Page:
Process deeds in Australian Public M&A transactions
Process deeds in Australian Public M&A transactions
A process deed is an agreement entered into between a prospective bidder and a target company as a precursor to the entry into a binding implementation agreement
There has been a recent increase in the use of process deeds in Australian Public M&A transactions. We estimate that in the order of approximately 10% of proposed friendly change of control transactions would now involve a process deed, with the percentage being higher than this for larger size transactions.
A process deed is an agreement entered into between a prospective bidder and a target company as a precursor to the entry into a binding implementation agreement. The document describes the parties' obligations to progress the prospective bidder's non-binding proposal to acquire the target. In some cases, the entry into the process deed is announced together with a public statement by the target board to the effect that it "intends to recommend" the bidder's proposal, subject to certain qualifications.
Although the scope of the obligations contained in the process deed varies between transactions, it is common for them to include a suite of exclusivity provisions, similar to those typically seen in a binding implementation agreement. The Takeovers Panel has considered pre-deal exclusivity provisions in two recent matters involving process deeds, which demonstrates that such arrangements can be subject to close regulatory scrutiny.
By way of example, such an arrangement (in the form of a confidentiality and exclusivity agreement) was entered into in November 2022 by Origin Energy Limited in connection with the receipt of an indicative proposal from a consortium led by Brookfield Asset Management to acquire all of the issued shares in Origin by scheme of arrangement (valuing the company at A$18.4 billion on an enterprise value basis). The ASX announcement disclosing the non-binding proposal also noted that, based on current information and market conditions at the time, it was the Origin board's intention to unanimously recommend the proposal to its shareholders.
This article considers this market development and describes some of the benefits of the use of process deeds (and pre-deal exclusivity arrangements) for both bidders and target companies.
What is a process deed?
A process deed is a non-binding agreement entered into between a prospective bidder and a target company setting out the parties' obligations to progress the prospective bidder's proposal to acquire the target company.
A process deed is a precursor to entering into a scheme or bid implementation agreement. It is typically entered into in circumstances where the target company receives an indicative non-binding offer from a prospective bidder on terms which the target board is inclined to support in principle, and in respect of which the target board is prepared to grant due diligence access to the bidder.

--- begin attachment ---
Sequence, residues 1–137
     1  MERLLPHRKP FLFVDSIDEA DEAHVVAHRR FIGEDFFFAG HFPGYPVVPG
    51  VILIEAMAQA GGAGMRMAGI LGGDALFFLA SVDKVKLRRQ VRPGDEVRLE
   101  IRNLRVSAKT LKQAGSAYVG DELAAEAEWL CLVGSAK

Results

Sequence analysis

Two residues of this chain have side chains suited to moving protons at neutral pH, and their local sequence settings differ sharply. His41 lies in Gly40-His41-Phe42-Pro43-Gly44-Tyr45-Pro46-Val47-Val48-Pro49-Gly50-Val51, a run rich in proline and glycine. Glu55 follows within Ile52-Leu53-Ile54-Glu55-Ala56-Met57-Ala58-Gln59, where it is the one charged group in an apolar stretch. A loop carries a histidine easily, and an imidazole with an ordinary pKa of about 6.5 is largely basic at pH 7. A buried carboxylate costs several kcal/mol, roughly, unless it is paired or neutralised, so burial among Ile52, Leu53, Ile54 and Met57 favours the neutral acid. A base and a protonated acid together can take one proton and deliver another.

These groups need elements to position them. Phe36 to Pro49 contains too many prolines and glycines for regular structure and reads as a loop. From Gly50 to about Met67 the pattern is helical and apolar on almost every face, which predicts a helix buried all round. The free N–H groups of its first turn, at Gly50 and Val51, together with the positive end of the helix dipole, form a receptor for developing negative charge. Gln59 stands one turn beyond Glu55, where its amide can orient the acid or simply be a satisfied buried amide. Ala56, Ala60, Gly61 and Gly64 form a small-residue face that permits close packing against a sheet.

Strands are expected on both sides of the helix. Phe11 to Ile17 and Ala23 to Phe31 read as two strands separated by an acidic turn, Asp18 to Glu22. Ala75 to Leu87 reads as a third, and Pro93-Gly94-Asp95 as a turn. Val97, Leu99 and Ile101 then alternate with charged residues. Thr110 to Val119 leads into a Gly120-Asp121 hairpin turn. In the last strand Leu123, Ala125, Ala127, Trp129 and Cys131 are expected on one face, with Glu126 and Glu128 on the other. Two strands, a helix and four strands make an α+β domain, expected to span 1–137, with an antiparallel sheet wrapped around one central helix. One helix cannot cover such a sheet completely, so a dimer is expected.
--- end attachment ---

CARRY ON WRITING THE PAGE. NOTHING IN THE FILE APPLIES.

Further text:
Process deeds commonly include provisions dealing with access to exclusive due diligence, the preparation and negotiation of a formal implementation agreement and exclusivity provisions in favour of the bidder. In more limited cases, cost reimbursement provisions in favour of the bidder (for example, in circumstances where the target company proceeds with a competing proposal) are also included.
In many cases, the entry into the process deed is announced in conjunction with a public statement by the target board to the effect that it "intends to recommend" the bidder's proposal, in the absence of a superior proposal and subject to certain qualifications. These qualifications typically include the entry into a binding implementation agreement on acceptable terms and an independent expert concluding that the transaction is fair and reasonable and in the best interests of target shareholders.
In order for the target board to be able to provide a statement of intended support of the bidder's proposal at the time of entry into the process deed, it would need to have undertaken a comprehensive assessment of the terms of the bidder's proposal, including from a value perspective, at the relevant time.
The entry into the process deed is generally disclosed to the market.
Benefits for bidder
Some benefits of entering into a process deed from a prospective bidder's perspective include:
• certainty of target board support at a certain offer price, without having to improve (or further improve) its offer, thereby effectively setting a "cap" on the offer price;